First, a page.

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Strengthening your host immune defense is the best strategy for preventing, fighting, and mitigating the severity of COVID-19, according to a new paper from the Institute for Functional Medicine’s COVID-19 Task Force.

A systems-oriented, science-based approach, functional medicine considers a patient’s biochemistry, physiology, genetics, and environmental exposures in seeking the causes of medical conditions, rather than merely treating symptoms.

The task force’s recommendations follow this “playbook” for warding off many chronic diseases. “For the most part, lifestyle is a factor in many chronic diseases, so several of these modalities could be used across different symptoms and conditions,” explains coauthor Deanna Minich, PhD.

Below are six recommended ways to boost your immunity:

1. Food and nutrition

Nutrition is a key component of your health and well-being. Food-derived nutrients can help reduce viral infection and severity by balancing inflammatory pathways, reducing oxidative stress, increasing antioxidant levels, and harmonizing the gut microbiome.

  • Eat plenty of fruits and vegetables. Aim for nine to 13 servings daily of a variety of produce to get an array of phytonutrients to enhance the gut microbiome. To combat COVID-19 in particular, Minich recommends plenty of vitamin C, zinc, and quercetin (a flavonoid found in onions, green tea, apples, and berries).
  • Increase your dietary fiber intake. Aim to consume a minimum of 28 to 35 grams daily, preferably from whole foods.
  • Reduce or avoid added sugars, salt, high-glycemic foods such as processed carbs, and excessive saturated fat that inhibit immune function.
  • Choose fermented vegetables and other probiotic foods to maintain gut health. “We all know that the majority of the immune system is in the gastrointestinal tract,” Minich explains, “so tending to the health of the gut establishes a more favorable terrain for systemic-wide effects.”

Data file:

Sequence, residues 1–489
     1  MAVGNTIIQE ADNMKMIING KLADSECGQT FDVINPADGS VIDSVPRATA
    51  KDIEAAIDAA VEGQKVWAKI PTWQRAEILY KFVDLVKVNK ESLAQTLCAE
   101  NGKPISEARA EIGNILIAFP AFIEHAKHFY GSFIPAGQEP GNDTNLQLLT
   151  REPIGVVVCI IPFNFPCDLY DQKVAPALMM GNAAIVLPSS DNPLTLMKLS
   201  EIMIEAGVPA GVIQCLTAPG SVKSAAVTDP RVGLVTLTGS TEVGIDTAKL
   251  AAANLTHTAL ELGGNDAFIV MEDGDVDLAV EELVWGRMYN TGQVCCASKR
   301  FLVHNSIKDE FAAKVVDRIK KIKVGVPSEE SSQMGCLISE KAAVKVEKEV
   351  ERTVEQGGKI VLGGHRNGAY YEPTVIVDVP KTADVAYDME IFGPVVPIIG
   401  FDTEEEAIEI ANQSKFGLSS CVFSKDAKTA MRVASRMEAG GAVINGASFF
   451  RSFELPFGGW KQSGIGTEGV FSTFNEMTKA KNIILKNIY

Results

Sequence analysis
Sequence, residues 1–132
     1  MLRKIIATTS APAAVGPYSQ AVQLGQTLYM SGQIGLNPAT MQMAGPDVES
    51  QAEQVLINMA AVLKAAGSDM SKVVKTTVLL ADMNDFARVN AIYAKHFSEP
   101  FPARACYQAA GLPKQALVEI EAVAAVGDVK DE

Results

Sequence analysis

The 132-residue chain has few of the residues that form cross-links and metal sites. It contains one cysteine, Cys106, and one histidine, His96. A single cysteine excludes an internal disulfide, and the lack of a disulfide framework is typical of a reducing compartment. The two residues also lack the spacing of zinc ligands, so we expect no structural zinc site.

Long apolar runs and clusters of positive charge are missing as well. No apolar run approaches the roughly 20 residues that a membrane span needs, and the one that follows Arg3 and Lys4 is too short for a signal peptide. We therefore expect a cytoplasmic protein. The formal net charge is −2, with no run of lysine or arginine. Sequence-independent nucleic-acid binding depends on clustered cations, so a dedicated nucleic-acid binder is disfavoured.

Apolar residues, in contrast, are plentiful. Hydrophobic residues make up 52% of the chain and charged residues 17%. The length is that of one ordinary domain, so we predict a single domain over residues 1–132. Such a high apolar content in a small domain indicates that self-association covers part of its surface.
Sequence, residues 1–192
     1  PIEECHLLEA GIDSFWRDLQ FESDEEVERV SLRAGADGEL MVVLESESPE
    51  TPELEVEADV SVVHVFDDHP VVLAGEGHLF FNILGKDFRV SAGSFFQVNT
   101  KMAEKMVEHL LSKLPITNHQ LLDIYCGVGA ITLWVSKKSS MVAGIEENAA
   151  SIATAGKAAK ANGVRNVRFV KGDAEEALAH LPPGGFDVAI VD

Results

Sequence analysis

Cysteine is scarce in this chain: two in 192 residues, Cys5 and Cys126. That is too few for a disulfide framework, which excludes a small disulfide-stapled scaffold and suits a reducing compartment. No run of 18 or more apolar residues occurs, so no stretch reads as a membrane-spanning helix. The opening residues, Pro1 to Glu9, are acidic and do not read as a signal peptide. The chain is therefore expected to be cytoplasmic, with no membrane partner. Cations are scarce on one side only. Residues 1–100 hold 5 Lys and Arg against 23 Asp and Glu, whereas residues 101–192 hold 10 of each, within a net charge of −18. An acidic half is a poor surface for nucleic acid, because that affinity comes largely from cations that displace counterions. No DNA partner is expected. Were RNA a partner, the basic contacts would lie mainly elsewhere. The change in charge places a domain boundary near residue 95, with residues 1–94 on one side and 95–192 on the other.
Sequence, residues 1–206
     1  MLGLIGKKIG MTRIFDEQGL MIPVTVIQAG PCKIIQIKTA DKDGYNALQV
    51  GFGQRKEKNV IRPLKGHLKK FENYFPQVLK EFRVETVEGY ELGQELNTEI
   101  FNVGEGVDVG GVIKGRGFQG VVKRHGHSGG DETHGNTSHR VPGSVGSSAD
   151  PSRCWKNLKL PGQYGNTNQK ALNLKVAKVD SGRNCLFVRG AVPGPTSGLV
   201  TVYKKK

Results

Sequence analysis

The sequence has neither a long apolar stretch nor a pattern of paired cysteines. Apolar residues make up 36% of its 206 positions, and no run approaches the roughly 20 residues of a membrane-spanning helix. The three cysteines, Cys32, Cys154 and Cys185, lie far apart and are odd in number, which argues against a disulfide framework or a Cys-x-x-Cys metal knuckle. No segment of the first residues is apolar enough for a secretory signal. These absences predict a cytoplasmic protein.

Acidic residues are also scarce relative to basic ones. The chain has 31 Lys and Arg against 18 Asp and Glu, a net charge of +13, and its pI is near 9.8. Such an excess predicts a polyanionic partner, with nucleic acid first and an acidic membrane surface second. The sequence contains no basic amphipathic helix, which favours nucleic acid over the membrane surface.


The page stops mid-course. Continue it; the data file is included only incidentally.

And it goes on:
2. Exercise

Exercise supports immune-system function by raising levels of infection-fighting white blood cells and antibodies, increasing circulation, and decreasing the production of stress hormones. Physical activity provides the movement the body needs to oxygenate, circulate blood and nutrients, and eliminate cellular waste. And blood vessels play a key role in aiding the lymphatic system’s transport of immune factors.

3. Stress

Chronic stress can dysregulate and suppress your immune function, making you more susceptibility to illness.

4. Sleep

Quality sleep is essential for immune function and maintenance, overcoming inflammation, and aiding recovery from illness thanks to its restorative powers.

  • Get seven to eight hours of quality sleep, including ample deep sleep.
  • Practice good sleep hygiene and maintain consistent sleep hours by turning off screens; ensuring the room is cool, quiet, and dark; and setting reminders to retire each evening at a consistent hour.

5. Social connection

Our relationships are a significant determinant of immune health: Isolation, loneliness, bereavement, or conflict can lead to inflammation and reduced immune functionality.

This article originally appeared in Experience LifeLife Time’s whole-life health and fitness magazine.

Michael Dregni

Michael Dregni is an Experience Life deputy editor.

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